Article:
Around the world tourism has been brought to a standstill, but new doors are opening for virtual and augmented reality to reshape the industry.
Researchers from Southern Cross University say the technologies could play a significant role in the tourism landscape where close contact with others may not be a reality for the near future.
There are subtle differences between the two. Virtual reality (VR) involves a headset or goggles to ‘transport’ the user to another place, either based on a real location or a completely fabricated world. Meanwhile augmented reality is a type of VR that incorporates elements of the physical world with virtual elements – a classic example being Pokémon Go.
“Augmented reality offers destinations and operators opportunities to layer new ways of experiencing destinations and attractions without the need for tourists to engage directly with others,” said Southern Cross University Professor of Tourism Kevin Markwell.
“Organisations across the globe have turned to internet-based opportunities to maintain customer interest in their businesses and sometimes to generate income via selling advertising that runs alongside live streams, breaking down the barriers that were once posed by physical distance.”
Some innovative examples of virtual tours in Australia include a self-guided tour of the Art Galleries of NSW and South Australia, walking through the Australian National Surfing Museum, Queensland Air Museum, Australian Museum, and live virtual experiences including David Attenborough’s Great Barrier Reef and Taronga Zoo’s TarongaTV live-streams including an Elephant Cam and Tiger Cam.
Even Southern Cross University’s Lismore campus and the adjacent Koala Hospital in the NSW Northern Rivers can be explored using an immersive virtual tour at scu.edu.au/Lismore
Although VR and AR technologies are unlikely to replace the travel bug so many of us have, Professor Markwell said they can help users experience an attraction as never before.
“The trick is for the technologies to offer qualitatively different experiences to those normally offered when we visit a destination, world famous art gallery or museum.
“Some technologies allow objects to be seen in different ways, to be rotated around, viewed from above, viewed using X-ray and other imaging technologies, for their stories to be told using multi-media, immersive encounters via the computer screen.”
If travel, particularly international leisure travel, becomes more expensive and more difficult to navigate, Professor Markwell said VR might play a greater role in allowing prospective visitors to explore their options.
“Visitors will want to reassure themselves that they have made the right decision about where they stay, which airline they choose to fly with, and which attractions and tours they experience. VR can break down the locational barriers and allow travellers to make informed decisions.”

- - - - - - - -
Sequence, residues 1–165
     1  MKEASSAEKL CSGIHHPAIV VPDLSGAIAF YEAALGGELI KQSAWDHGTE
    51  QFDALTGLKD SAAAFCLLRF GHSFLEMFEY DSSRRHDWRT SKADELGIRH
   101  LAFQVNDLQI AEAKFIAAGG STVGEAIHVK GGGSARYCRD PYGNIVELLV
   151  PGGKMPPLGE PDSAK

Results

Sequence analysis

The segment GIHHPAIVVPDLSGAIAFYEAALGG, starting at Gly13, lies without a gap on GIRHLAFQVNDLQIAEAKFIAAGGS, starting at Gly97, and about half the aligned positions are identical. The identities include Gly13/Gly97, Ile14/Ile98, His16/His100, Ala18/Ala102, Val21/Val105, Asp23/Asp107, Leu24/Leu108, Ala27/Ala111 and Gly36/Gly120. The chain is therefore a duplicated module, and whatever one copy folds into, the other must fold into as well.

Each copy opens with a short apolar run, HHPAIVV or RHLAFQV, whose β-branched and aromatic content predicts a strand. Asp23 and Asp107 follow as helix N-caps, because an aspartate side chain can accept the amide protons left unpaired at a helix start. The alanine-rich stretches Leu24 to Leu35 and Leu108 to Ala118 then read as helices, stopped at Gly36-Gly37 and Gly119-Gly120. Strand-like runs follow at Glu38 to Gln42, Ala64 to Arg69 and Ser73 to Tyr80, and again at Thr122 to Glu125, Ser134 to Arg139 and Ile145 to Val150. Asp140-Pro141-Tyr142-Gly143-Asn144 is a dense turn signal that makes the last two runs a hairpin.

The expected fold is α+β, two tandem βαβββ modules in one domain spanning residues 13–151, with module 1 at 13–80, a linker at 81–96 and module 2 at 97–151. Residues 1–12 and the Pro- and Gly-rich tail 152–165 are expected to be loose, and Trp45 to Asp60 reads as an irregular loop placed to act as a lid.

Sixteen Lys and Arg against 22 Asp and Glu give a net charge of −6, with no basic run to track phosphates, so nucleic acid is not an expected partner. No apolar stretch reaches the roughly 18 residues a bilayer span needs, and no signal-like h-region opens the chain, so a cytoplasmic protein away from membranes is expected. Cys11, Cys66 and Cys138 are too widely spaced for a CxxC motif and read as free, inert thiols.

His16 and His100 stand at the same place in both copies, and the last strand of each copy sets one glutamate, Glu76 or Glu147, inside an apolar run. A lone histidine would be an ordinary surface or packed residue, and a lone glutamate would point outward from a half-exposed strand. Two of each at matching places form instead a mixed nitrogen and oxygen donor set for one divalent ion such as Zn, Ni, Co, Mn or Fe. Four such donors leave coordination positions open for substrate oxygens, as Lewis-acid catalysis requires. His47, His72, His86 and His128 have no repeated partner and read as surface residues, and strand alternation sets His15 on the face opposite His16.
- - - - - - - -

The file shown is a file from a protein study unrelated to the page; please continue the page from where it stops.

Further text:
Organisations investing in these technologies will also add value to the tourist experience of place long after restrictions have eased, by creating immersive, in-person encounters.
“Incorporating opportunities for playfulness and gamification into a physical space will enable visits to a destination to become an adventure that integrates the ‘real’ with the ‘imagined’ into one seamless experience,” said Professor Markwell.
In 2019 Queensland's Currumbin Wildlife Sanctuary became the first Tourism Operator to introduce augmented reality into a natural environment to create a unique outdoor experience for kids, with the popular Gruffalo Trail app where characters ‘appear’ virtually throughout the park.
“It’s a clever way to incorporate visitor information and an educational element in augmented reality on a phone to add to the visitor experience of kids and their parents,” he said.
Professor Markwell said there was also more than just a strong educational and sustainability element to the VR technology value-add, with accessibility also a winner.
“This is also an important advancement for tourists with disabilities – which is a very significant market in Australia and around the world,” he said.
“This technology can allow people with disabilities to look at hotel rooms before renting a night to ensure their specific requirements are there, and also to ‘experience’ places that could otherwise be difficult to access.”
By themselves, VR and AR are not going to ‘save’ the tourism industry and millions of workers who depend either directly or indirectly on it from feeling the significant effects of COVID-19, but these technologies could play a role in reshaping the industry and perhaps even creating a more sustainable industry into the future.
Media contact: Sharlene King 0429 661 349 or firstname.lastname@example.org